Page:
Systematics: since 'placodioid' is generally an extension of 'crustose', and since the 'crustose' morphology is common throughout the fungal groups that form lichens, there is again no noteworthy evolutionary line of placodioid lichens. Numerous species of Caloplaca, in the family Teloschistaceae (order Teloschistales), have variable development of marginal lobes, and some, such as Caloplaca thallincola, described above, normally have these well developed. Many of these can be described as "crustose-placodioid". The large genus Lecanora, in the family Lecanoraceae (order Lecanorales), is predominantly crustose, but a very few species in Britain are placodioid. Fulgensia, shown above, is grouped with crustose, foliose and fruticose genera in the family Teloschistaceae (order Teloschistales).
5. Leprose lichens
In leprose lichens the thallus surface is composed of granules containing algal cells and fungal hyphae with no overlying cortex, even during early stages. There can be a thin, underlying medulla but even this may be missing, the lichen then being a film of granules with little, if any, further fungal matrix.
In the past, there has been a tendency to think that leprose lichens are reduced forms that really belong in other genera. Baron (1999), for example, actually defined leprose lichens as "those which have not, at least up to the present, been found to have fruiting bodies and so cannot, with certainty, be ascribed to a particular genus." However, fruiting bodies are not uncommon in some species, and while they remain unknown in the large, leprose genus, Lepraria, extensive DNA investigations have shown this to be a natural, independent genus (Ekman & Tønsberg, 2002). Nevertheless, the leprose morphology is not, in itself, now considered sufficient grounds for generic separation, e.g. the former genus Leproplaca, which is now subsumed within Caloplaca.
Note that in numerous crustose species, the upper cortex may disintegrate, with initially discrete soralia joining up to produce a continuously sorediate surface that then appears leprose. Common examples include Dirina massiliensis, Lecanora expallens and Porpidia tuberculosa. In such species, the thallus margins generally remain corticate (but sometimes scarcely so in L. expallens).
(Paisley, Renfrewshire, 2008).
The thallus is diffuse and powdery; in this species there is no underlying medulla.
Systematics: probably the best known and certainly most frequent genus of leprose lichens is Lepraria, allied to the fruticose genus, Stereocaulon, and placed in the family Stereocaulaceae (order Lecanorales). Leprocaulon, with a leprose primary thallus resembling a Lepraria but then producing small, delicate branches (pseudopodetia), has also been placed in the Stereocaulaceae, but its correct taxonomic placement is uncertain. The family Pilocarpaceae (order Lecanorales) contains several lichen genera with reduced thalli that vary from crustose to granular in Micarea to granular to leprose and lacking a cortex in Psilolechia, Byssoloma and Fellhanera. The genus Chrysothrix is in its own family, the Chrysotrichaceae (order Arthoniales). As noted above, the species of the former leprose genus Leproplaca have now been included in the predominantly placodioid or crustose genus Caloplaca (family Teloschistaceae, order Teloschistales). The family Coniocybaceae, containing the 'pin-lichen' genera Chaenotheca and Sclerophora, constitutes another group of lichens of uncertain taxonomic relationships.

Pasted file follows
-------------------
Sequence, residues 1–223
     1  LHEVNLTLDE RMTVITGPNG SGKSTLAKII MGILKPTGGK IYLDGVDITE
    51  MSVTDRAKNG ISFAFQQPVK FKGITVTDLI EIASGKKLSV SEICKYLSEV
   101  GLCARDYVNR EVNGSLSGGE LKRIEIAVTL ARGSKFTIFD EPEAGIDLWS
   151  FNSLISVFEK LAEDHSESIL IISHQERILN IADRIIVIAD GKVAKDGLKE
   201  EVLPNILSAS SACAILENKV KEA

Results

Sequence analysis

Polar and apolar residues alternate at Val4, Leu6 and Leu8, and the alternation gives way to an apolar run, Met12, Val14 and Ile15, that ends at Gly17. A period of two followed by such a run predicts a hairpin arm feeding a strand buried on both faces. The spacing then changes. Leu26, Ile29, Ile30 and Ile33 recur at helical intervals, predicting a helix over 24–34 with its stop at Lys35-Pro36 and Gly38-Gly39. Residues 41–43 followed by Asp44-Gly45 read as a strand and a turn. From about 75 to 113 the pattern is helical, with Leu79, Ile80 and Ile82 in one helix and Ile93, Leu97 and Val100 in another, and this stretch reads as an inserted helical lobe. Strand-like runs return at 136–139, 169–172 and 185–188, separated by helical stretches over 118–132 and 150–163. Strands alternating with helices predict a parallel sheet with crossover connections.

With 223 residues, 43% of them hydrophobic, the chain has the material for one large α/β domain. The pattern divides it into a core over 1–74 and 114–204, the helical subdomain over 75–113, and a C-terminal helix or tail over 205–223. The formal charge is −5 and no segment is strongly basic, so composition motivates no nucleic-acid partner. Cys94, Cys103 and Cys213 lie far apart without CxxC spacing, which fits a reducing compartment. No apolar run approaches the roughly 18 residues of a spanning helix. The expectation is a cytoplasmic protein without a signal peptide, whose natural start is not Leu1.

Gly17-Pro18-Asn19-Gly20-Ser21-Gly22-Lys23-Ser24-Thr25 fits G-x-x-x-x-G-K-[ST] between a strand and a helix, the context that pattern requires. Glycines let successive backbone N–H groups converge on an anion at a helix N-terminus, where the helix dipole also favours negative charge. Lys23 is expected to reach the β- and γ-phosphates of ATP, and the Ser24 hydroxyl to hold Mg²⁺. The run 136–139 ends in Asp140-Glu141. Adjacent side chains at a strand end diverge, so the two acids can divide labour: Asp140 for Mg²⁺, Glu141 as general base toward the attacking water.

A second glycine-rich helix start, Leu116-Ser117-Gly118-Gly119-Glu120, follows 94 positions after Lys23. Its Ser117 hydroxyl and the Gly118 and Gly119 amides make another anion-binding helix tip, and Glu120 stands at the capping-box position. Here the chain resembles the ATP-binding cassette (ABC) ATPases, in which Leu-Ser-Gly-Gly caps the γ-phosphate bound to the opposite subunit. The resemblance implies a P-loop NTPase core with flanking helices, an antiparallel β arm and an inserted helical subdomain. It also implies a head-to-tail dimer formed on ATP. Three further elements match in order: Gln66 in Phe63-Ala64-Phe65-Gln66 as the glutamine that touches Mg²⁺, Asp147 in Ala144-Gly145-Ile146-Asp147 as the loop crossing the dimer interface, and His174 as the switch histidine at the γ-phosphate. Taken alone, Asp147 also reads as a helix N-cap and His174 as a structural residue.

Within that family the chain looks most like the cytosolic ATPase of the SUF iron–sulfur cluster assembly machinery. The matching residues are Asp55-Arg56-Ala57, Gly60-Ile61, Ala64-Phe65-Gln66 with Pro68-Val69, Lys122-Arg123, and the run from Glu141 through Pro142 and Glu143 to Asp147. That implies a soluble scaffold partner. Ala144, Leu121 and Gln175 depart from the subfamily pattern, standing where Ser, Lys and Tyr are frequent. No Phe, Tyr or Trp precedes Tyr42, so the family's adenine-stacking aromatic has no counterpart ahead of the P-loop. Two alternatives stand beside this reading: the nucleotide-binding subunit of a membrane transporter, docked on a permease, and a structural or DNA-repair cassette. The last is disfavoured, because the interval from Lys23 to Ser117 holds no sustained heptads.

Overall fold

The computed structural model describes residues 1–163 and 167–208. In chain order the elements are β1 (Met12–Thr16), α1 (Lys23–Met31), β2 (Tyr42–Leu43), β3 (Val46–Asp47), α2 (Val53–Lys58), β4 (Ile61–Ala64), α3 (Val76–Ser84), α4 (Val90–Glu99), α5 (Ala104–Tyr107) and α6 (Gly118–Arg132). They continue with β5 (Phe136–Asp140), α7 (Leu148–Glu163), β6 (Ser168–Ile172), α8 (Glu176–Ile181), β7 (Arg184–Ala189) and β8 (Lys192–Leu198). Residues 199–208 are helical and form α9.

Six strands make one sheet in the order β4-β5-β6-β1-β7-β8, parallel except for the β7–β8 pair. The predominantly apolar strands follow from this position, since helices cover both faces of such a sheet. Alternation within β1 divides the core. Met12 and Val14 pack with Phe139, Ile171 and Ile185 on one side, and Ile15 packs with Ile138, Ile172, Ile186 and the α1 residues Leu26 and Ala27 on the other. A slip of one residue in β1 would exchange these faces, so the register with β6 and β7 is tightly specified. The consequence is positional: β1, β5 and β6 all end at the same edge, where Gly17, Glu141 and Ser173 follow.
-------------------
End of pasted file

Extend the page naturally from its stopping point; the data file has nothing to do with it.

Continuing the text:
6. Filamentous lichens
In filamentous lichens, the fungal hyphae form sheaths around filaments of the alga (Trentepohlia or trichome-forming cyanobacteria). The lichen retains the morphology of the algal component, though will generally be a little more robust and generally darker in colour. In cyanolichens, e.g. Ephebe lanata, the lichen may actually differ little in appearance from the free-living cyanobacterium (Stigonema in the case of Ephebe). Fruiting bodies are unknown in some species (Cystocoleus ebeneus, Racodium rupestre), generally rare in others.
Cystocoleus ebeneus, macroscopic and microscopic views
(Ty Canol, Pembrokeshire, 2009).
The lichen looks like matted, black hair. The fungal hyphae (recognisable under the microscope by their contorted, nodulose cell walls) are tightly attached to and running the length of the filaments of the orange-pigmented alga, Trentepohlia, and although the fungal association macroscopically differs in colour from free-living Trentepohlia and has longer filaments, it retains the filamentous growth form of its photobiont.